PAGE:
Microsoft Teams usage grew to more than 44 million global daily active users during COVID-19 and has still continued to grow. Dr Sweeney's findings discovered a number of concerning issues for organisations with Teams implementation and the risks associated with them. Businesses rushed to deploy Teams in a way that left them at risk of exposing critical data and damaging productivity.

Dr Sweeney emphasised Microsoft hasn't created an insecure environment with Teams. "Out of all the vendors Microsoft actually has a really good security Story" said Dr Sweeney. "The problem is, a lot of organisations in the rush to get people working from home turned Teams on, and they've deployed (it) without full consideration of all of these new risks."

Full story.

 

Related Articles

Microsoft teams governance: Emerging better practices

Better Practice Special Report: Microsoft Teams Governance

With the rush to deploy Teams to enable remote work in 2020, the majority of organisations have not yet fully considered the highly disruptive nature of deep collaboration. Governance has been largely overlooked in the effort to ‘just get people working’. IBRS outlines the seven critical areas of governance that must be immediately addressed for Teams to be sustainable and to mitigate the new risks (and benefits!) of deep collaboration. Find attached a PDF of the webinar to download for free. Or to view the webinar, click on the video below.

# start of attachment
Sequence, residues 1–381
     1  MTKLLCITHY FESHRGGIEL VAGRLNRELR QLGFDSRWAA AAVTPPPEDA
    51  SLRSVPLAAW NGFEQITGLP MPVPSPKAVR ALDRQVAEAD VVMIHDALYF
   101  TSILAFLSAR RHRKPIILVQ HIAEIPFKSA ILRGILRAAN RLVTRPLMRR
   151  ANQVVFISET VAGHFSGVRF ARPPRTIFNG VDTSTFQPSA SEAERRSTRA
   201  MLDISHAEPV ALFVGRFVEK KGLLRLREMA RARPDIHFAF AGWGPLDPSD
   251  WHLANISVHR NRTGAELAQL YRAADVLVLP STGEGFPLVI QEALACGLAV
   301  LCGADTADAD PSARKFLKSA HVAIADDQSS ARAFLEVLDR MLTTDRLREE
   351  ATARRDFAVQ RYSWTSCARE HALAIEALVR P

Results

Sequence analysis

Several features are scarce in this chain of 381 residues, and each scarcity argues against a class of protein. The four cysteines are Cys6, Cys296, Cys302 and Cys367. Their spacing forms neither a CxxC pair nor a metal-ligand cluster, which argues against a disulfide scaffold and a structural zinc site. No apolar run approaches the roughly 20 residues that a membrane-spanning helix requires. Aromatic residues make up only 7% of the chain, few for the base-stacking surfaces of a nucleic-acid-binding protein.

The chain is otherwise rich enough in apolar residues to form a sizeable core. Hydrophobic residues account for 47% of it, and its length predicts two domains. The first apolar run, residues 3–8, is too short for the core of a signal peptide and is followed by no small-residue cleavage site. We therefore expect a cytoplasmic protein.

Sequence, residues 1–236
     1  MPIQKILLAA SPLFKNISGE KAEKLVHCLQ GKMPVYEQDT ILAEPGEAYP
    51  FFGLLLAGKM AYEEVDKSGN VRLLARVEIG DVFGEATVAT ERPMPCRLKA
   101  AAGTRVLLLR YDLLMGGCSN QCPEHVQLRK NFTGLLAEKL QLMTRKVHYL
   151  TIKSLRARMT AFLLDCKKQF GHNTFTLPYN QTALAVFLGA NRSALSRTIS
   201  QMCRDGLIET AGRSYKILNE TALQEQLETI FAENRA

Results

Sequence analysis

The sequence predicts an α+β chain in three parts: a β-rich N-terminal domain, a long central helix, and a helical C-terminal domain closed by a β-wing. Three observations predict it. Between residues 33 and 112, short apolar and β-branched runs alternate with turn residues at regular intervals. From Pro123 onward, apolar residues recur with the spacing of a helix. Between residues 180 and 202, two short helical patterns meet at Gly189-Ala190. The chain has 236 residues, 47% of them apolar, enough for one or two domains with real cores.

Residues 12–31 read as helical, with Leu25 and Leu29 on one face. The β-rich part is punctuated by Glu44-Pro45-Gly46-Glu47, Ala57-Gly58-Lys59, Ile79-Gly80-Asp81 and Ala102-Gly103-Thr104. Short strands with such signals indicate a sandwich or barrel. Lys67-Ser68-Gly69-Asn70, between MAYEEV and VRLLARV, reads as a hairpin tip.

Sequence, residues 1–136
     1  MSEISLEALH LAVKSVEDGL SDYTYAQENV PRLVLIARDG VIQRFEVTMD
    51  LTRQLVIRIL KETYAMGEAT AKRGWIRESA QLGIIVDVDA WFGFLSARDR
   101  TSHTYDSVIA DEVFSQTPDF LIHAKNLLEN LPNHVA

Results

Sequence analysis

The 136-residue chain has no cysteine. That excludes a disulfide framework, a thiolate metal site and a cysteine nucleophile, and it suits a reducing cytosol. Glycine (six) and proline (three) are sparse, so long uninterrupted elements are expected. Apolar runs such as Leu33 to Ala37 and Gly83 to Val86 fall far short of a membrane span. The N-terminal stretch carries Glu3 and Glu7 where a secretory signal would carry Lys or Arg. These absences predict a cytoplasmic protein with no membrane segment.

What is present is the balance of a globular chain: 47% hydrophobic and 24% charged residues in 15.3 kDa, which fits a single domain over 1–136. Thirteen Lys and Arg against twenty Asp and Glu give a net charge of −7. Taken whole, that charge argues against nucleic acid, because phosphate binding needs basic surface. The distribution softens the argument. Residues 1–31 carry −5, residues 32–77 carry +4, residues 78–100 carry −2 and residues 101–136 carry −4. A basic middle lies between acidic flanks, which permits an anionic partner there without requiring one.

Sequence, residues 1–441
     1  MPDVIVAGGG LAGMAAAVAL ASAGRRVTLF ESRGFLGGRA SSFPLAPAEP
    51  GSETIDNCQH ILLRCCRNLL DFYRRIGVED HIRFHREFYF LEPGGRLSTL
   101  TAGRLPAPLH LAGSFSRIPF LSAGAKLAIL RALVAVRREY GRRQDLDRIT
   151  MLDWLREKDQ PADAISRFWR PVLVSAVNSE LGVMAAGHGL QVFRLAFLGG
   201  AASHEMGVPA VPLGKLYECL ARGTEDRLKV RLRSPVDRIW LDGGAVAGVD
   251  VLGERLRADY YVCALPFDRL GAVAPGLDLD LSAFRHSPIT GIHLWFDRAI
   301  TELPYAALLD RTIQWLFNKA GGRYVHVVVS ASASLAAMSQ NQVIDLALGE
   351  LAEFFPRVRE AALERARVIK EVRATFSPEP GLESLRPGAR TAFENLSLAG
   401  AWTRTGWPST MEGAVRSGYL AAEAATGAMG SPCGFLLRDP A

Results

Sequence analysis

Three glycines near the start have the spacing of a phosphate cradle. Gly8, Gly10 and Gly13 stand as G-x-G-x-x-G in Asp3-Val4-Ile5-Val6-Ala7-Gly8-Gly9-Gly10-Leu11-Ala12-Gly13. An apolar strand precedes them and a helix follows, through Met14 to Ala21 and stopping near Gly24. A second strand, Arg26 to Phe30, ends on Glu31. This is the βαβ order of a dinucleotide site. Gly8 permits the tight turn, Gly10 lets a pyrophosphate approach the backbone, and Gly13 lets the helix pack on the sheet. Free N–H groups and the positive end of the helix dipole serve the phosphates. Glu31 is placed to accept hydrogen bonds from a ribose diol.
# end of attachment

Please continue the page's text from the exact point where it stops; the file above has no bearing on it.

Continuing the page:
The Latest

CommsChoice Group has announced expanded Centre functionality for Microsoft Teams Direct Routing. The new service allows companies to implement a call centre natively within the Teams environment, leveraging Direct Routing.

Why it’s Important

Many Australian organisations - in particular public sector and local government - are in the process of re-architecting customer engagement from traditional ‘centralised call centre’ models to multichannel and then to omnichannel. The introduction of collaborative telephony solutions with rich API support, such as Teams, brings the possibilities of accelerating the move to true omnichannel services. Direct Routing allows contact centre agents to make and receive calls within Microsoft Teams, while also engaging in mixed mode communications, such as chat (potentially assisted by chat bots) and video meetings.

Who’s Impacted

  • Call centre managers and architects
  • Sales managers
  • Telephony teams
  • Office365 teams

What’s Next?